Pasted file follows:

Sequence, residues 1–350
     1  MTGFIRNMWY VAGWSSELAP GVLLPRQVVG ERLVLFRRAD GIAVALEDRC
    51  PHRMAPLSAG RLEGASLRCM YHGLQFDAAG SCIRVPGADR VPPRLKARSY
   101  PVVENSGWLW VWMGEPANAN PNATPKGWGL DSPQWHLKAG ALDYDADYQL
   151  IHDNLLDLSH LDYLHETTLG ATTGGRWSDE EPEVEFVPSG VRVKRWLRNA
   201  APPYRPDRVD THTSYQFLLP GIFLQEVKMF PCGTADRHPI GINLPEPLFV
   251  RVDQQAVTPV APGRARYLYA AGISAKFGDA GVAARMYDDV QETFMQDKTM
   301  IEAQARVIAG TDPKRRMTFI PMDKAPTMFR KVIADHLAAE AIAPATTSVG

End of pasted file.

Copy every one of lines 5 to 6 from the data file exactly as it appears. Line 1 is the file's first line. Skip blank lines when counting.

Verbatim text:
   151  IHDNLLDLSH LDYLHETTLG ATTGGRWSDE EPEVEFVPSG VRVKRWLRNA
   201  APPYRPDRVD THTSYQFLLP GIFLQEVKMF PCGTADRHPI GINLPEPLFV